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What kind of ESG investor are you?

Are you a Believer, a Fundamentalist, or a Statistician when it comes to environmental, social, and governance (ESG) investing?

Understanding the types of ESG investor there are can improve your matchmaking with managers or clients, according to research by Sustainalytics, an ESG research provider.

The research – commissioned by the Investor Responsibility Research Center Institute – presented six typologies summarising the approaches to ESG issues across the investment sector.

The research could help asset owners better discern and distinguish between asset managers’ approach to ESG integration, and which characteristics are the best fit for them, Sustainalytics said. Asset managers, meanwhile, could use it to review their approaches and decide whether they want to make changes.

The typology generated 64 different types of approaches, but the Sustainalytics researchers narrowed these down to six prevailing approaches to ESG integration, based on a dataset of 70 investors.

In Sustainalytics’ words, they are:

monk prayer pray

The Believer: “Executes ESG integration in a manner that is clearly structured and consistent throughout an organisation. Integral to this approach is a top-down application of general (i.e. not based on security-specific fundamental analysis) assumptions about how certain ESG factors may affect value. It usually focuses on security-level ESG considerations as opposed to macro ESG trends.”

The Cautionary: “Seeks to ensure that investment teams consider ESG factors in order to improve risk management, focusing on company-specific research rather than broad ESG trends.”

The Statistician: “Uses statistical analysis to identify correlations between historical ESG performance and historical financial performance with the aim of identifying material factors that are likely to generate alpha. This analysis is built into models that are applied to passive or smart beta strategies.”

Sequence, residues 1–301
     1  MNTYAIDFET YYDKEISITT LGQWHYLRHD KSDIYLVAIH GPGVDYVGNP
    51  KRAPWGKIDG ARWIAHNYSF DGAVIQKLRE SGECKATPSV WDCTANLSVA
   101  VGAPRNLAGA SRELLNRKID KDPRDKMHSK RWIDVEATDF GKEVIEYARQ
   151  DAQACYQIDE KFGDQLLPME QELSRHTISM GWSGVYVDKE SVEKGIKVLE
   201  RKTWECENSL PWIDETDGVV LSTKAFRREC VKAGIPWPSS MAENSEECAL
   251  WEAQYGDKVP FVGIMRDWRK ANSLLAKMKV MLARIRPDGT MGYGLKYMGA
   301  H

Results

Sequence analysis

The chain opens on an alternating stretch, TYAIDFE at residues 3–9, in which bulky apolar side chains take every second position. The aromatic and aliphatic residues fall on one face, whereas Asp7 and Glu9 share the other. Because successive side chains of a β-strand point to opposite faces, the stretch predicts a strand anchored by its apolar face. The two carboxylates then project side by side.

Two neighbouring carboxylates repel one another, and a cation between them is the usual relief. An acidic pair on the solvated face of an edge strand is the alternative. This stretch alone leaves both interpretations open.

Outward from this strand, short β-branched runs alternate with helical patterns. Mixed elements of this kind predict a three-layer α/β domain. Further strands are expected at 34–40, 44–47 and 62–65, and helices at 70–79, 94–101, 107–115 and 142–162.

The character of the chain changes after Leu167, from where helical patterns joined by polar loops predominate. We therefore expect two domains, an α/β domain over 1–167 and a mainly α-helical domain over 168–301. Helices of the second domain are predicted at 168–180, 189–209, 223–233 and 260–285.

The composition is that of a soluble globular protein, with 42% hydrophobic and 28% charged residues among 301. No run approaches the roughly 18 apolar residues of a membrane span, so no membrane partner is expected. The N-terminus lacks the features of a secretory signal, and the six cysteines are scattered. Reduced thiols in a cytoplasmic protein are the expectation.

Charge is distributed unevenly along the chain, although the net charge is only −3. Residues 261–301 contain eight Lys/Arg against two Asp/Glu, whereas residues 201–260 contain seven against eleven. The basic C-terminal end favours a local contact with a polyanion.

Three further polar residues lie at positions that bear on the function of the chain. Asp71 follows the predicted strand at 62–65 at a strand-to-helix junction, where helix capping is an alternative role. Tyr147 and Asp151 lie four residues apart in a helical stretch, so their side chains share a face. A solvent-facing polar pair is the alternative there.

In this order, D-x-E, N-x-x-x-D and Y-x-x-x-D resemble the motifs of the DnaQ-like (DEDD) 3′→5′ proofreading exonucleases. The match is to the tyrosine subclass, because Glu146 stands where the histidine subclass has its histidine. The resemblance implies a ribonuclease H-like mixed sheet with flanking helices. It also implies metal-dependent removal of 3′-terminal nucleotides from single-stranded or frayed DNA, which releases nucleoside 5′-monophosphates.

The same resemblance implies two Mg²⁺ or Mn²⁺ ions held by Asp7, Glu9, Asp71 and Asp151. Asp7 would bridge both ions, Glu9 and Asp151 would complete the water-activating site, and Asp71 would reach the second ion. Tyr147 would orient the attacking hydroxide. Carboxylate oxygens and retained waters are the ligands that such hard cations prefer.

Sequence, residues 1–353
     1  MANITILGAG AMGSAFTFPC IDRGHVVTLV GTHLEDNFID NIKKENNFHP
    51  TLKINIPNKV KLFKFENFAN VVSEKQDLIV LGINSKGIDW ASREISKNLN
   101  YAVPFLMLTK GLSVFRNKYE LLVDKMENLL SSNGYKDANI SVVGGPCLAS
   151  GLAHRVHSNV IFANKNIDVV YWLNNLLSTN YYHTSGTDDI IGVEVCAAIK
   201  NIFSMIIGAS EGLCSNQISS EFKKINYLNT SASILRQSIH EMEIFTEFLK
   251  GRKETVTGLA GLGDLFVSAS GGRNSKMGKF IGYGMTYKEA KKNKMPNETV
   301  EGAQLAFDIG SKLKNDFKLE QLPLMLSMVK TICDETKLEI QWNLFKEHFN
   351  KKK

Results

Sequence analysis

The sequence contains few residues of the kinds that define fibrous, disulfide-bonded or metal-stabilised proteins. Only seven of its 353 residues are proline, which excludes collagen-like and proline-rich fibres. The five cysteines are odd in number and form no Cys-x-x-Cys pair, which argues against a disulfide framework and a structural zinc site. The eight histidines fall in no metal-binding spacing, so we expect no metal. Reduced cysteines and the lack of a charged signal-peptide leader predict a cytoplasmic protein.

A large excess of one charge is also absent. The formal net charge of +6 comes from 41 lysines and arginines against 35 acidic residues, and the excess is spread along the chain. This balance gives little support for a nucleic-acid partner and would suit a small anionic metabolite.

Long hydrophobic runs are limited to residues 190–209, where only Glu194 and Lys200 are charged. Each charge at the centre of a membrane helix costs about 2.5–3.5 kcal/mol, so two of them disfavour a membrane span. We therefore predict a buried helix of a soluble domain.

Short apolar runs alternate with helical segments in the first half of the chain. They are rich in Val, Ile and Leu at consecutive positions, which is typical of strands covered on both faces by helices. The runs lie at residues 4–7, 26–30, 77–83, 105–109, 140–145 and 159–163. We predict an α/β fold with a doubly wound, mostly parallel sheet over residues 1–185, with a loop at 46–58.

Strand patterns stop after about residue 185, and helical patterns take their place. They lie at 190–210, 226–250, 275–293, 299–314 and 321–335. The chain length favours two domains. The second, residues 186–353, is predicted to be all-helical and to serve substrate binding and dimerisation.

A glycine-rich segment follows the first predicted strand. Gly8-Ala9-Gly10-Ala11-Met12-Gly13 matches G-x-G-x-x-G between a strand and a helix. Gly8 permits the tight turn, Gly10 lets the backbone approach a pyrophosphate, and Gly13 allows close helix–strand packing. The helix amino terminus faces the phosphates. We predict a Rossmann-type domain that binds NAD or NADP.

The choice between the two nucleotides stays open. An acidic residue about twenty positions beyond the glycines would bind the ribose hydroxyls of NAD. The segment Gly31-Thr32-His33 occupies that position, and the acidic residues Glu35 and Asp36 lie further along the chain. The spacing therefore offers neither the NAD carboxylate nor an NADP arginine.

The Discretionary: “Considers ESG factors on an optional basis as a supplement to traditional financial analysis, usually with a focus on idiosyncratic risk management.”

The Transition-Focused: “Regards ESG factors as central research inputs, and concentrates to a significant degree on risks and opportunities associated with broad ESG-related economic shifts, ESG thematics and sustainability challenges.”

The Fundamentalist: “Aims to integrate ESG factors thoroughly into bottom-up analysis and decision-making by considering company-specific ESG factors as well as macro ESG trends that may affect company’s performance over short- and long-term time horizons.”

To define these six ESG personalities, Sustainalytics classified ESG integration approaches along three dimensions:

  • management (for the who of integration);
  • research (what is being integrated); and
  • application (how the integration is taking place)

Under the management heading, one differentiating factor the research highlighted was the degree of centralisation of ESG functions within an organisation, i.e. whether ESG responsibilities were assigned to dedicated ESG personnel or carried out by portfolio managers and analysts in portfolio management teams.

Under ‘research’ were those integrating macro-level sustainability trends and themes, such as climate change and water scarcity, as opposed to certain ESG-relevant characteristics of individual companies and securities.

‘Actual’ integration questionable

However, the actual state of ESG integration was unclear, according to the researchers.

“The analysis of investors’ management of ESG integration suggests that there may be less actual integration taking place than expected by the market,” the report authors wrote.  

For example, some of the investors interviewed were “candid” about their organisations lacking an information trail or reporting system to demonstrate how frontline investment decision-makers use ESG research.

“This might mean that portfolio managers are not fully utilising the ESG research that they have access to, even at organisations that have publicly expressed support for ESG integration,” the authors said. 

It could also be the case, however, that organisations that have not made public commitments to ESG could be implementing “genuine” integration, they added.

Investors interviewed for the report also suggested that meaningful integration of ESG information remained fundamentally challenging. Mandate design, meanwhile, could constrain ESG integration, for example if tracking error limits are imposed. 

The authors expressed hope that these and other findings would “stimulate discussion about the state of the industry and some of the challenges and opportunities associated with ESG integration”. 

The full report can be found here.

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